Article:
Interview with Laura Saunders

​Laura Saunders is Interim President of Bellevue College (Washington) and is a Past President of AIR (1987-1988).

Interview by Leah Ewing Ross

eAIR: How did you enter the field of institutional research, and how did your work lead to your role as a college president?

laura saunders 125.jpgAs a doctoral student at University of California, Berkeley, I had a job with the UC System Office of Planning and Analytical Studies. While there, I had the opportunity to know Sid Suslow and Adrian Harris – longtime AIR members. From there, my career took me to Penn State University. At the time, IR was largely student data-oriented – it was a blend of business management and statistics with an emphasis on student progression. I moved from Penn State to the University of Washington, where I was Director of Planning and Capital Budget and learned about facilities and the data needed to support facilities. Later, as a Vice President at Highline Community College, I helped establish the campus’ IR office and hired the first director. I arrived at Bellevue College as Vice President for Administrative Services, a position from which I retired in 2008. I returned to Bellevue in 2011 as Interim President.  

eAIR: In what ways has your role as president shaped your understanding and expectations of IR?

As a president, I am oriented toward using data—I look at completion rates, I try to understand what our students are doing, and I want us to be efficient in our use of public resources. A lot of what is done in IR is driven by what comes across the president’s desk. At Bellevue, I moved IR from the Vice President for Administration’s purview to the President’s Office, and I tie its work directly to the institutional priorities and decision-making. We need good data to be convincing when we articulate what we do with our students and what we contribute to national conversations about community colleges.

eAIR: What do you miss about working in IR?

I rely on staff to provide the data and do the research, but I still enjoy brainstorming, asking questions, and reading about higher education and research. As president, there is simply no time to do research.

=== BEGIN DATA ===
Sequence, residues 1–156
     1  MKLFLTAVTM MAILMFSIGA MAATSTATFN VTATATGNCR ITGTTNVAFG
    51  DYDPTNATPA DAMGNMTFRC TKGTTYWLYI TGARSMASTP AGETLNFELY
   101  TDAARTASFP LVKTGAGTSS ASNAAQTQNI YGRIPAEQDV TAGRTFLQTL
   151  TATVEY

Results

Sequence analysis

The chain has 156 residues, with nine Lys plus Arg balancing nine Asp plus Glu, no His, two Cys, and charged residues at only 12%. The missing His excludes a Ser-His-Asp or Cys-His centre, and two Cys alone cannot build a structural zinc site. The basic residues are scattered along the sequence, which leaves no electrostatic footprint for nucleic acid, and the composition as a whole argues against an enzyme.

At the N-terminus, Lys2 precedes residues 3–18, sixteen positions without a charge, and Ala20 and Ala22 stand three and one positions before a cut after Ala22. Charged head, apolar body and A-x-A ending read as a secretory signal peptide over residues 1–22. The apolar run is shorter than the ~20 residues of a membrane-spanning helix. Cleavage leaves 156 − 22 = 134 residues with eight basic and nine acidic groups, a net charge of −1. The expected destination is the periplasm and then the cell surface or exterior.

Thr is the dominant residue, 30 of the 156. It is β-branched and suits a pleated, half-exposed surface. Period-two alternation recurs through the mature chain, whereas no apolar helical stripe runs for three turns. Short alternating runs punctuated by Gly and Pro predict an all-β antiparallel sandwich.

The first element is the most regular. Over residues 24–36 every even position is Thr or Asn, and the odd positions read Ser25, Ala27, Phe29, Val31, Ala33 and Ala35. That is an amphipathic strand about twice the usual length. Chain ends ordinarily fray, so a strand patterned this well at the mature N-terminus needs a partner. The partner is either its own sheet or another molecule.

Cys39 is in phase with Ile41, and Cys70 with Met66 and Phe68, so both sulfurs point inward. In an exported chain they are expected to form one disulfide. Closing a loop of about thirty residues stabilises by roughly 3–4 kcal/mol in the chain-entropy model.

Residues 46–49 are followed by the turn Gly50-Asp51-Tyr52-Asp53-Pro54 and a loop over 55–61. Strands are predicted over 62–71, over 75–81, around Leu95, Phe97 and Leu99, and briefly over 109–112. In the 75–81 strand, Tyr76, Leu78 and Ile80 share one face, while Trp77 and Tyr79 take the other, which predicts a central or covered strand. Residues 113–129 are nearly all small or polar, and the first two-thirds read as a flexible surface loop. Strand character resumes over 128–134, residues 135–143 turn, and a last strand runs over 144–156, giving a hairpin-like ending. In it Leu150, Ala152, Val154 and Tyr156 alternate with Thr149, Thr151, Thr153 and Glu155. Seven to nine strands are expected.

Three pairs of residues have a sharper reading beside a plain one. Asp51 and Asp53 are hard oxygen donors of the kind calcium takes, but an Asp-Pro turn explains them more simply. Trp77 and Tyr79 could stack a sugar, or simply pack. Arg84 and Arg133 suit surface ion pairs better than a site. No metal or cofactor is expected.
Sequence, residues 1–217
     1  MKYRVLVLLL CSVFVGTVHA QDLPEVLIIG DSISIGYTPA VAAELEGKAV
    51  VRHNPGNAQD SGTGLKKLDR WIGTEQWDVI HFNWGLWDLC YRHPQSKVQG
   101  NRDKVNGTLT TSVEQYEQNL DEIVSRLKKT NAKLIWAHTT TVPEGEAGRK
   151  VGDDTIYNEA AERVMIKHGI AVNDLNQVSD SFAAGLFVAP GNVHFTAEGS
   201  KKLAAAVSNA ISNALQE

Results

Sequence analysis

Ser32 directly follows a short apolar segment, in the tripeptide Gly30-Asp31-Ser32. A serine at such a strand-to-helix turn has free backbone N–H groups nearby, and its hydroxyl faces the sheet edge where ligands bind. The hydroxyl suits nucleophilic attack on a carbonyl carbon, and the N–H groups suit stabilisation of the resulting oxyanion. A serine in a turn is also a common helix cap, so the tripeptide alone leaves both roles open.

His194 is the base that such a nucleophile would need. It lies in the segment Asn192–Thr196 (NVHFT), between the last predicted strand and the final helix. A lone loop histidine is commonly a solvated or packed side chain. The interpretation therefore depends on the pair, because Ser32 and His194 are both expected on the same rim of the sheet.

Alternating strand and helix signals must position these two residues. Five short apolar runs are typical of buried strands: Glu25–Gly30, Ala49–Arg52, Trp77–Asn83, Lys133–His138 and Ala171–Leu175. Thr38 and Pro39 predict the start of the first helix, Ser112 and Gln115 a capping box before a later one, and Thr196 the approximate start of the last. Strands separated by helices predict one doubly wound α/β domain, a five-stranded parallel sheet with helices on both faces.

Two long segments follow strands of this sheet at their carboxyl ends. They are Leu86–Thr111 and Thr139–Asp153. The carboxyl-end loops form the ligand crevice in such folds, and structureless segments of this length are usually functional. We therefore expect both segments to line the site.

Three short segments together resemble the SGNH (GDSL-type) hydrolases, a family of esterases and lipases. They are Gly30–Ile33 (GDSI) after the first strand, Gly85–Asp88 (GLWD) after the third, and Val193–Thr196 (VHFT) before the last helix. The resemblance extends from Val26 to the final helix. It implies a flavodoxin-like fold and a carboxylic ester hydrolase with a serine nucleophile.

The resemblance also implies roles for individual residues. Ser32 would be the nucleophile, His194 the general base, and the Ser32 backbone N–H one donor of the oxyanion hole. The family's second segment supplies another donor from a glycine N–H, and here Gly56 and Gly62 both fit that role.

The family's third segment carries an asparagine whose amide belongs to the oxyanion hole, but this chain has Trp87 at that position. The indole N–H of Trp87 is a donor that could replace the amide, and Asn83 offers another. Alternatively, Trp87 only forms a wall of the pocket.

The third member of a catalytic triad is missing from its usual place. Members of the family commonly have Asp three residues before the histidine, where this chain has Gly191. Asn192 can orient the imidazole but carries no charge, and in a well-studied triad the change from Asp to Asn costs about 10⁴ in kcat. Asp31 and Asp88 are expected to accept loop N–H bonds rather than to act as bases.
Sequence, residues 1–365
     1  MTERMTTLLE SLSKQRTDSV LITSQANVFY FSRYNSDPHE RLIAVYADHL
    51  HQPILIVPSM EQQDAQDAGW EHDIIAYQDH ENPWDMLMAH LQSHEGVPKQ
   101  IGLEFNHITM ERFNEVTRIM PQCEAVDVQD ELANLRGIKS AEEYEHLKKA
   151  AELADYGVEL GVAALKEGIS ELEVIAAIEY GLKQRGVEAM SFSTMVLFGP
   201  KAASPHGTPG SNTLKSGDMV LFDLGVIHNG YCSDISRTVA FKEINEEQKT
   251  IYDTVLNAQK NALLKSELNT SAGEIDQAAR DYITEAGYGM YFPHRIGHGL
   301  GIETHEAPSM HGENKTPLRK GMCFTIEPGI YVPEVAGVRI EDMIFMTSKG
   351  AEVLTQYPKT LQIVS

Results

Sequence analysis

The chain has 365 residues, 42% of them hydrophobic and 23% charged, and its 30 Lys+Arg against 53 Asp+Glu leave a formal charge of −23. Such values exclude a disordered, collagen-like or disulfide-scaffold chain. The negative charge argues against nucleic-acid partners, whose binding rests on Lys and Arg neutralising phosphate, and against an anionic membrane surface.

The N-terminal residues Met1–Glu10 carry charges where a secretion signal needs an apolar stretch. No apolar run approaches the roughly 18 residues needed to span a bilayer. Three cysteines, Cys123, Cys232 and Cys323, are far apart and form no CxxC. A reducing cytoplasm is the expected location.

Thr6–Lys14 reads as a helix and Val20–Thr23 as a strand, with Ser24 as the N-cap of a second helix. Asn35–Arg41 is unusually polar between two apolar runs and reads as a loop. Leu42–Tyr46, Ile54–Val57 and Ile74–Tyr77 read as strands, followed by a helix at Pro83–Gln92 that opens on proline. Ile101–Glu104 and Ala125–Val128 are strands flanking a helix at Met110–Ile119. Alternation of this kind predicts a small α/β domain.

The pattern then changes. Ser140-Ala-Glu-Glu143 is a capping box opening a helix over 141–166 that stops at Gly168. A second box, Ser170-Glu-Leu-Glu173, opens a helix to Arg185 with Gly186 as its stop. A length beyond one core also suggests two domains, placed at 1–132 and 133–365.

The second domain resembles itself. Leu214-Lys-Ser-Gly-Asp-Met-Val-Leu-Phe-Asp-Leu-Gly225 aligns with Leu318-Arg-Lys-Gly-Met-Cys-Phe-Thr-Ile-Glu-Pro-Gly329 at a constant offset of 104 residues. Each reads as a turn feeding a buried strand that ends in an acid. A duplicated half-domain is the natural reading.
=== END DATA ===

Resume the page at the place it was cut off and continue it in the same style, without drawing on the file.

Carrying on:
eAIR: What insight or advice can you share with IR professionals who aspire to achieve campus leadership positions, including the office of president?

You’re only as good as the people working with you, so help them improve and get ahead.

It is important to help others achieve their goals—serve as a mentor, and offer advice. Understand the challenges of doing detailed research in IR, but be able to translate it to the broader perspective. Get supervision experience early on in your career; it is important to learn how to motivate, evaluate, and promote people, and how to build a team. You’re only as good as the people working with you, so help them improve and get ahead. Also, broaden your exposure to policy questions. Understand the workings of federal and state-level policy as well as the role of financial aid and tuition.

eAIR: What would IR officers be surprised to know about the experience of being a president?

Some may be surprised by how important it is to know how boards work and that the president, as CEO, works for the board. Working with AIR as the organization shifted to a model of shared governance has been very helpful in informing my work as president.

eAIR: How have Bellevue College’s data uses changed as part of the transition from a two-year institution to a bachelor’s degree-granting institution?

Well-informed researchers make their institutions and their presidents shine because they use good data aimed at informing institutional decisions. It’s a team effort – good data allow for good decision-making.

Bellevue offers three bachelor’s degrees with plans to add more, but all programs have to support the College’s efforts in economic development and in meeting the workforce needs of our district. We are a large open-access community college (96-97% of our students are enrolled in lower-level courses), and in many ways we remain similar to community colleges without bachelor’s degree programs, but our comparison groups have changed.

eAIR: How do you manage stress, and what do you do for fun?

I am an interim president, so I know that this position will end at some point. For fun, I quilt, which seems fitting because working with quilting patterns is not unlike doing research.

eAIR: Do you have additional comments, reflections, or insights to share with eAIR readers?

It is always useful to maintain a broad perspective. Involvement in professional associations is a good way to gain that broad understanding of the field. Understand the politics that affect funding. Pay attention to what goes on in Washington. Learn about organizations that fund higher education, such as the Lumina and Gates foundations. Well-informed researchers make their institutions and their presidents shine because they use good data aimed at informing institutional decisions. It’s a team effort – good data allow for good decision-making.